We all fell in love with them as a child. We still
love to read them over and over again. And perhaps we hope to emulate them.
However, as Picture Book Writers of today, we need to tread
We continue our look at 3 contrasts between
the Picture Books of our childhood and today's market.
You can read
the first installment on Word Count here and the second installment on Conflict Resolution here.
Today we discuss Age Level ~
We live in a very competitive, high-paced world.
With the birth of the Common Core State Standards, we look to create kids who are college and/or workplace ready starting in the 3rd grade.
There is a push to have kids reading earlier and reading less for pleasure and more for analysis and information.
Therefore, where do picture books fit in?
Is the solution to have us all start writing non-fiction books or faction?
First, the age level of picture books has been skewing a little lower, with many targeting the 1st and 2nd grade.
Upon researching some of the classic picture books will find the age level at upper 3rd grade and 4th grade. (for a quick search of word count and age level, check out http://www.renlearn.com/store/quiz_home.asp?c=1)
Also, picture book writers are being forced to leave more and more room for the illustrator, therefore scaling back on language and beefing up the artwork which is a clear indication that books are leaning younger. So, the emphasis with picture books is on the art...not the story.
We are told that the illustrator must tell 50% of the story, but with word count moving closer to 300 the illustrators might own more of the story in the future.
Now, in conclusion I want to talk about exceptions.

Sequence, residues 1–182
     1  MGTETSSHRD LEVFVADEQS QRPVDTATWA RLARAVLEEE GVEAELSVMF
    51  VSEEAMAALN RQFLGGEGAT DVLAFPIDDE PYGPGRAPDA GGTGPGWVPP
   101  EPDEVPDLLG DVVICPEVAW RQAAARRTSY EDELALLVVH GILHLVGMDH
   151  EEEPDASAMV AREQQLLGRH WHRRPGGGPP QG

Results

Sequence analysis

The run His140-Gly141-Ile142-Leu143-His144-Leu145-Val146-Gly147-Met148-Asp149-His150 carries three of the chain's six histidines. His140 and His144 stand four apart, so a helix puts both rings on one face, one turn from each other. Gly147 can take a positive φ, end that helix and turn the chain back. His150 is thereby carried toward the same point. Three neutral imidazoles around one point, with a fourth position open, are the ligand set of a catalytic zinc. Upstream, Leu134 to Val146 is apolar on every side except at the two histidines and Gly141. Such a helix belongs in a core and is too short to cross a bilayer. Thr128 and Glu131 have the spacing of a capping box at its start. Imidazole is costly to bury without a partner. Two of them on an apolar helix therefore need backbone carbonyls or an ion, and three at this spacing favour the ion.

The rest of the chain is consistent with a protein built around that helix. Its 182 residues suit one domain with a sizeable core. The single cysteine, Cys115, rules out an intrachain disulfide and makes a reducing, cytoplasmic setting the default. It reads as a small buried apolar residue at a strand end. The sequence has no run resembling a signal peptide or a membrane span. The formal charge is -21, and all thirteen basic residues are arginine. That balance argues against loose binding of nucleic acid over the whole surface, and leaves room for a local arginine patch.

Let's take a look at "Each Kindness" by Jacqueline Woodson, illustrated by E.B. Lewis.
Word count = 865
Grade Level = mid 3rd grade (3.4)
Conflict Resolution = none. Its a realistically dark story about missed opportunities.
Pub date= October 2012
So, you might see this book on the shelf and argue that everything I have written this week is incorrect. That there are, in fact, fiction picture books published with over 500 words and that the conflict doesn't always have to be solved by the protagonist and that it can be geared to a older audience.
Here is where some sleuthing should be done.
Who is Jacqueline Woodson? Who is E.B. Lewis?
Short answer, they are both highly aclaimed award winners with long careers so far. Woodson has won the Newberry and Lewis won the Caldecott. Therefore, these are not debut writers and illustrators. Its harder to break into the business with this kind of a piece.
Who published "Each Kindess"?
Nancy Paulsen books, which is a fairly new imprint of Penguin, meaning that Nancy Paulsen is now able to publish the kinds of books she wants, after a very long career in publishing. And its also worth noting that Woodson has been published by this imprint before.
Bottomline, the world of books is in an ever-changing flux.
We must be proactive. We must be readers of the classics, as well as the current lists. All the while we must be saavy when looking at a book. There is more story to be told than what is in its pages.